Unveiling Motion and Emotion

Unveiling Motion and Emotion by Anabella Lenzu lenzu
Genre: Essay
Rating: 5

This is a collection of essays by Anabella Lenzu, a dancer and dance teacher who has a very clear and unique style of choreography and dance. She was a classically trained ballet dancer who then went forward into the modern dance scene and truly began to find herself. As a teacher myself, I find some of the things she said in her book to be the words surrounding ideas I couldn’t describe. Some of my favorites: “In my life, dance is a bridge that connects my inner and outer worlds.” and my personal favorite, “Dance is a means, not an end.”

I adore this book and will continue to read it for inspiration and encouragement!

Know your Beholder

Know your Beholder by Adam Rapp
Genre: Fiction
Rating: 3, DNF

I got halfway through Know your Beholder before I quit. I still wouldn’t be able to tell you what it was about. It’s really too bad, to. I only had one problem with it.

It was like a lot of things happened, but nothing actually happened. There was no plot, just a bunch of events strung together with lyric, hilarious, over thesaurus-ized sentences. The writing itself was great and it was what kept me listening past the first track, but when I was halfway through and I still wasn’t sure what was going on, and I didn’t like the main character any more than I did when it started, I opted to spend my time on something else.

The Mechanical

The Mechanical by Ian Tragillis
Genre: Steampunk
Rating: 5
Amazon | Goodreads

The Mechanical surprised me. The first few chapters were hard to get into. It was so different than anything I’ve read. I’m not a fan of historical fiction (even if it is supernatural or steampunk) but I gave this book a chance based on a recommendation from a friend. I’m so glad I did.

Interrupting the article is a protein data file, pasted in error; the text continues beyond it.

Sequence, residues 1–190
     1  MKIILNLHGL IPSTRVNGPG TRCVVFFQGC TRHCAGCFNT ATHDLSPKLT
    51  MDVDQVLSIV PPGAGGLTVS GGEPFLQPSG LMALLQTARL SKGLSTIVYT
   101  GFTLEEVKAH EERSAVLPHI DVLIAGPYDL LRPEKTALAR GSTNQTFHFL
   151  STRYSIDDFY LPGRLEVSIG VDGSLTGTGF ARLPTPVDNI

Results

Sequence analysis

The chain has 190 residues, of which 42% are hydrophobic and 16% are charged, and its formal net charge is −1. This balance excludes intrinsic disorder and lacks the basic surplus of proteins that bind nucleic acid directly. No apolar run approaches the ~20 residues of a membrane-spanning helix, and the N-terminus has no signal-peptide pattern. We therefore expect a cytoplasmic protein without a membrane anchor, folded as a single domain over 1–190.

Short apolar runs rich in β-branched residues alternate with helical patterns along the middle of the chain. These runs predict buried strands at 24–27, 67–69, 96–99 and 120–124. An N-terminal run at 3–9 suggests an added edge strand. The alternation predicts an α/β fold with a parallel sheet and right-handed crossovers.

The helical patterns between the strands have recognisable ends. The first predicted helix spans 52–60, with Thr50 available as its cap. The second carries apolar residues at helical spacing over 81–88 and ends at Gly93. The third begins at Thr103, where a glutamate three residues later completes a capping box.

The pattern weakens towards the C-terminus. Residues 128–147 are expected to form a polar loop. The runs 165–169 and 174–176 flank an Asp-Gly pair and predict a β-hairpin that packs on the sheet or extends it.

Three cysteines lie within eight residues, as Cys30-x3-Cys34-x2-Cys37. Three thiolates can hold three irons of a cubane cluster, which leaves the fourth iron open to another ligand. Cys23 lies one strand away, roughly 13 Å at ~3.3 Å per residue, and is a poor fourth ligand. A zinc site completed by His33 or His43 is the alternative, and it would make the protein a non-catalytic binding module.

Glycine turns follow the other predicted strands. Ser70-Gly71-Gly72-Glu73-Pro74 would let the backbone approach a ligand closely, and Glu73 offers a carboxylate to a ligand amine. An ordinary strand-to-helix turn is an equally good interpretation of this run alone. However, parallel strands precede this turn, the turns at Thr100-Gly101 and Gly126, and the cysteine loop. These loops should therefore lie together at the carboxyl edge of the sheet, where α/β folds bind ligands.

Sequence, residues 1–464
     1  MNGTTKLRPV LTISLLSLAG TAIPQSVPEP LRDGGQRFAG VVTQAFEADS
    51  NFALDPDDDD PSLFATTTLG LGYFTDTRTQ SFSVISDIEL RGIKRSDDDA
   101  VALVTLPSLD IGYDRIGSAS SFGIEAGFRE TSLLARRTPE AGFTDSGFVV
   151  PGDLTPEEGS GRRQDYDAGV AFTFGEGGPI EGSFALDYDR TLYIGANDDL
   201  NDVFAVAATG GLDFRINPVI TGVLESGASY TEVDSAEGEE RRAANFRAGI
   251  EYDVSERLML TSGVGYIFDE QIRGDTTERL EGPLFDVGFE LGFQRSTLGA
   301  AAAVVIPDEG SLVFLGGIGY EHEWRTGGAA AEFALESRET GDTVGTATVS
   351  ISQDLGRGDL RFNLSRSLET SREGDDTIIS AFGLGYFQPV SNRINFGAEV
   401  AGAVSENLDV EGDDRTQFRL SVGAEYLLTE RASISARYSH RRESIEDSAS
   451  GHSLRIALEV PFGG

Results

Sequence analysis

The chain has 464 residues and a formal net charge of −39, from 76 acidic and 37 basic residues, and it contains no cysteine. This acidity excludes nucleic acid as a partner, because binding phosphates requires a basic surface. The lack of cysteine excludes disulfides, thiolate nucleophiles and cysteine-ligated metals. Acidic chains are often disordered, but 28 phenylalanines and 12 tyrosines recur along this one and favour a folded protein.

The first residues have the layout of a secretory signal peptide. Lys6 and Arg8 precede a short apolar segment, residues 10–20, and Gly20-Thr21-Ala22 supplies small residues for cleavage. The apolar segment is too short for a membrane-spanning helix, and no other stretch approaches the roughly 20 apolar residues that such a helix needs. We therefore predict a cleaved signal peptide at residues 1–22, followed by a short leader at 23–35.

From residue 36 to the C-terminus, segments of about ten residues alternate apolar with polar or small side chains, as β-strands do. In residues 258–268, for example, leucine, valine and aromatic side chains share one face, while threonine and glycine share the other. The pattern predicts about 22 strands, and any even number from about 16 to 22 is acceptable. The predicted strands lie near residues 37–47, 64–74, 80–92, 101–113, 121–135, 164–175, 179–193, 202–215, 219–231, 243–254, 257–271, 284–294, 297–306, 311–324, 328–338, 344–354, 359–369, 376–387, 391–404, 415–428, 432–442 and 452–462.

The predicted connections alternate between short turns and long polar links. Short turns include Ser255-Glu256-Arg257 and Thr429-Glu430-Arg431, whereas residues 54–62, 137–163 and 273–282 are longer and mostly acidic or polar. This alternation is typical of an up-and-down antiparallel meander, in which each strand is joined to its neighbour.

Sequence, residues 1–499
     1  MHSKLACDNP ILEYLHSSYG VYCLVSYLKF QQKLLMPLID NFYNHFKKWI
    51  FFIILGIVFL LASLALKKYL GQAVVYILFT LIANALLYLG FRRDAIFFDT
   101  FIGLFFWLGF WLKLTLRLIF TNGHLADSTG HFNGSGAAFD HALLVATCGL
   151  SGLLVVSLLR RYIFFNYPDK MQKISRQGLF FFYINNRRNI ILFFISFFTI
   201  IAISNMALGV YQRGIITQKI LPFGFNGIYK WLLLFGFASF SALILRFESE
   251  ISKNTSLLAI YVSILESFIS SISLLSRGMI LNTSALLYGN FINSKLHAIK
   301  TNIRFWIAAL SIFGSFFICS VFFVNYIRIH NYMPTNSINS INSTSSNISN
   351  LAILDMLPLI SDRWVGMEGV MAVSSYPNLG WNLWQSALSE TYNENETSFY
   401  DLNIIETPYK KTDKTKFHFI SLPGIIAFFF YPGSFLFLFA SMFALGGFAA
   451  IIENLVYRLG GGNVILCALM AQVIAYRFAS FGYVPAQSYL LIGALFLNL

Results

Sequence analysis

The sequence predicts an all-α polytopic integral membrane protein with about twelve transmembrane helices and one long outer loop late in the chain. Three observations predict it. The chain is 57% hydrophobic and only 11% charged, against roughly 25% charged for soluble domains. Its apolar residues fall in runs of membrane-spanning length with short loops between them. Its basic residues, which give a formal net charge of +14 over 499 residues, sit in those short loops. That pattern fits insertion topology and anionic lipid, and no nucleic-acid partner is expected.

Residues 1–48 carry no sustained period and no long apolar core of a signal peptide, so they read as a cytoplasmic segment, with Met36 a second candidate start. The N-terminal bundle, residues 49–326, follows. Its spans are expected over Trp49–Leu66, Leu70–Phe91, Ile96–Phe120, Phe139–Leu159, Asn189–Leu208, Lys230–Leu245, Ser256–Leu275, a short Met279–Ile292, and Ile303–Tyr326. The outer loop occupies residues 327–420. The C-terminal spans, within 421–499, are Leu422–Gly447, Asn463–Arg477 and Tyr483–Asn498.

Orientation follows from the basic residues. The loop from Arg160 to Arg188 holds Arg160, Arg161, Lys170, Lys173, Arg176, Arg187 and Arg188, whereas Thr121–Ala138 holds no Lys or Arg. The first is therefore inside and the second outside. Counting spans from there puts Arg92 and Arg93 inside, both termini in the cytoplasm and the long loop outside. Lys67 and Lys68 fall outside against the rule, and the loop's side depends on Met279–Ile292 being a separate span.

The Mechanical is a wild ride through the lives of three characters; a catholic priest pretending to be protestant and smuggling information to New France, a female spy known in the legends as The Tallyrand, and Jax, the mechanical in question. The characters stories intertwine together to create a rich well-developed adventure of excitement, love, treachery, betrayal, and euphoric freedom. The book looks you in the eye and challenges the idea of free will, religion, and the tendency for us to believe everything the government wants us to believe.

In the beginning, I found the narrator hard to listen to, maybe because of his pacing, and steady non-fluctuating voice. But as I got more and more into the story, learned more about this world and what was going on, fell in love and hatred with the characters, I appreciated the way he read more. It worked for the characters and for the story.

I am super excited for the rest of this series and highly recommend this book to anyone who loves a well thought out story. Ages 17 + for some violence and sexual scenes.

My name is Jax.
That is the name granted to be by my human masters.
I am a clakker: a mechanical man, powered by alchemy. Armies of my kind have conquered the world - and made the Brasswork Throne the sole superpower.
I am a faithful servant. I am the ultimate fighting machine. I am endowed with great strength and boundless stamina.
But I am beholden to the wishes of my human masters.
I am a slave. But I shall be free.

Un-Review: Canary

Canary could have been really awesome… if. Why does there always have to be an “if?”

This was a case of “High Concept, Poor Execution.” Here’s the thing about this book: I didn’t like the main character. For an honors student, she was an idiot.

You meet this drug dealer. You kinda maybe not even sure if you like him but you might like him. You accidently become his accomplice in a deal and don’t realize it until after it’s over. Then you help him get away from a cop. And you defend him and refuse to give the cop info in exchange for you being completely removed from the evidence. Why?

You aren’t sure.

Thing is, that’s a really bad reason to not snitch on a drug dealer. If her dad was being held captive, or he had something important of hers, or if they’d been together for six years, those are all good reasons. But “I just met you and I’m not sure if I like you but I’m still not going to rat you out?” not a good reason.

Review: Touch

Touch by Claire North
Genre: Supernatural of some sort
Rating: 5

Touch was crazy. It threw you in at the first sentence. It hung on tight the whole story through. I was amazed at the beauty and ugliness of the thing that was the main character—whatever her…his…it’s name was. I was amazed at all of it. Up until the end when  I thought I would cry.